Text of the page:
August 28, 2020
The final estimate of consumer sentiment for August rose 1.6 points to 74.1 which is slightly higher than the preliminary estimate of 72.8. Thus, sentiment was apparently damped in the past couple months as the more rapid pace of spread of the virus has made consumers nervous..
Surveys of Consumers Chief Economist Richard Curtin said that, :Although strong gains in consumer spending from the 2nd quarter lows can be anticipated, those gains will significantly slow by year-end without some additional fiscal spending programs to diminish the hardships faced by unemployed workers, small businesses, as well as support for state and local governments.”
We read the press reports like everybody else, and it is no surprise that the consumers have gotten nervous. But we disagree about what happens next. We have seen spending in virtually every sector of the economy rebound sooner and with more vigor than had been anticipated. What killed the economy in March and April was our country’s response to the virus rather than the virus itself. We locked down everything. But since then retail sales, consumer spending generally, all measures of home sales have returned to the levels that existed prior to the recession. In five months the stock market has recovered all of what it lost during the recession and now stands at a record high level. When asked, consumers are unenthusiastic about what might happen in the months ahead, but their spending seems to belie that pessimism.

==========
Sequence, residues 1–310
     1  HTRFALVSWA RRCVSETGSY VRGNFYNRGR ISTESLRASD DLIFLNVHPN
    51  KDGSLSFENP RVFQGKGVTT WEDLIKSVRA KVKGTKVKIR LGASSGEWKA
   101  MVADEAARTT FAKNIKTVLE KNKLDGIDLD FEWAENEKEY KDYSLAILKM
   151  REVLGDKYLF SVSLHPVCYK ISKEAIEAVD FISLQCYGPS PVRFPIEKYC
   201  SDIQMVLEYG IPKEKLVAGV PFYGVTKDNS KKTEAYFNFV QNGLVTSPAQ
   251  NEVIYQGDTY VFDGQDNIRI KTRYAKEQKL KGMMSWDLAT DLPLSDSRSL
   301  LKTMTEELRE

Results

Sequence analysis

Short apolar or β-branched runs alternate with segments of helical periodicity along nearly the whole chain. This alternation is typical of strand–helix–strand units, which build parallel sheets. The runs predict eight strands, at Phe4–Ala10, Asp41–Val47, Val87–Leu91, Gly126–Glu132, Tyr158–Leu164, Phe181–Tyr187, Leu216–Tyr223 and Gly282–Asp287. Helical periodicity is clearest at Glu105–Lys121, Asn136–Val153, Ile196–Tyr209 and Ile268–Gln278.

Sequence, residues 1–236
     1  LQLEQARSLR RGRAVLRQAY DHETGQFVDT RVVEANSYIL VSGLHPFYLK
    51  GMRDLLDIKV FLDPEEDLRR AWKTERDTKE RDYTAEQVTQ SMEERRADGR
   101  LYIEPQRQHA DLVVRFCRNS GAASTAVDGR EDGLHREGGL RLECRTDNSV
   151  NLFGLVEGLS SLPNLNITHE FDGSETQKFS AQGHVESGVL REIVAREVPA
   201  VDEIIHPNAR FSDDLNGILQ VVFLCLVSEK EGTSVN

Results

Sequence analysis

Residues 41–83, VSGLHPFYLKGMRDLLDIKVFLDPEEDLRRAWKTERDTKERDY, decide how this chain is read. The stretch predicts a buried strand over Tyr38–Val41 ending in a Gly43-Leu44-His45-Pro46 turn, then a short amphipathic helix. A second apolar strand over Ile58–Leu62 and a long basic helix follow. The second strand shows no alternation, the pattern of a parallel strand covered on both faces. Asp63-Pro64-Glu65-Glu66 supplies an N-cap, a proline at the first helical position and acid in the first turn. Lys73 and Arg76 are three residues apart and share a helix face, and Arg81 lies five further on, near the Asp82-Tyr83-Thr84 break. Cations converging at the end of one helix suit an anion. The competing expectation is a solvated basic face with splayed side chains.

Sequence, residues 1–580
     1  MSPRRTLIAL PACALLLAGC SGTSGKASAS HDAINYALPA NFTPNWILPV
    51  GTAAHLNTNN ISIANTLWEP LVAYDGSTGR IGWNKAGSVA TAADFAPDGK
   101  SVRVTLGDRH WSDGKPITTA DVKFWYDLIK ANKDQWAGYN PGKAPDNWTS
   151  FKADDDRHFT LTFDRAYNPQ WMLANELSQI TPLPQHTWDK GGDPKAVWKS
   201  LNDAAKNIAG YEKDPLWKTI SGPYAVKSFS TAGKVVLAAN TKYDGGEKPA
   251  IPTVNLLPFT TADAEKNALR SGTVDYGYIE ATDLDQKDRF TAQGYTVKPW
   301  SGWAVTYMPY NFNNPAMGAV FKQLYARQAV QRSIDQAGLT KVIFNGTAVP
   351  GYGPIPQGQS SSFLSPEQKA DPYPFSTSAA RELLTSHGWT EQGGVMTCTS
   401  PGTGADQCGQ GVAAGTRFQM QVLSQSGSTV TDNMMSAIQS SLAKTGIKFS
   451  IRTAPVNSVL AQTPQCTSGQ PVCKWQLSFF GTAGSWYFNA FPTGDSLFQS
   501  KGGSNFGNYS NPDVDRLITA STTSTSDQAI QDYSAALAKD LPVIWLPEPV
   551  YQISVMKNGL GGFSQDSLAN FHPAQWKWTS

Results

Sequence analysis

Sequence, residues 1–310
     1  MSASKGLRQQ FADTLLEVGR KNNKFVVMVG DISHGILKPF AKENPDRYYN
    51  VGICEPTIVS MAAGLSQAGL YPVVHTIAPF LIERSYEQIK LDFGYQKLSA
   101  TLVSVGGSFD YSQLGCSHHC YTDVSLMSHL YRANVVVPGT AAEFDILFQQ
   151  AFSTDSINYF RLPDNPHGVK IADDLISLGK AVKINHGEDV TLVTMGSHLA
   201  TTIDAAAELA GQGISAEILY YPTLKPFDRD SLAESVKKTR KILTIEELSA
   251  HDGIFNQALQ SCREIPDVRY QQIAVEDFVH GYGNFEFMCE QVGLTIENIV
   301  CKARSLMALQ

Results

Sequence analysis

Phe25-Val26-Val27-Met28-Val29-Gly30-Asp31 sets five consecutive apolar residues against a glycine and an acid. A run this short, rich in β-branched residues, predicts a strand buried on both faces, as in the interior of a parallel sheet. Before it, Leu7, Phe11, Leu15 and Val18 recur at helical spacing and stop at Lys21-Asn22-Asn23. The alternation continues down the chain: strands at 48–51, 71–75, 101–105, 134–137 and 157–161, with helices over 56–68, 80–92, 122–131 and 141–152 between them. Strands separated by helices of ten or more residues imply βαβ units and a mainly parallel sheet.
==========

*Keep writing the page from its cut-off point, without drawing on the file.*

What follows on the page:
Q2 GDP declined by 31.7%. But $2.5 trillion of fiscal stimulus should lead to a sizable 28% increase in Q3. For what it is worth we anticipate 7.0% GDP growth in the fourth quarter.
Consumer expectations for six months from now rose 2.6 points from 65.9 to 68,5.
Consumers’ assessment of current conditions rose 0.1 point from 82.8 to 82.9.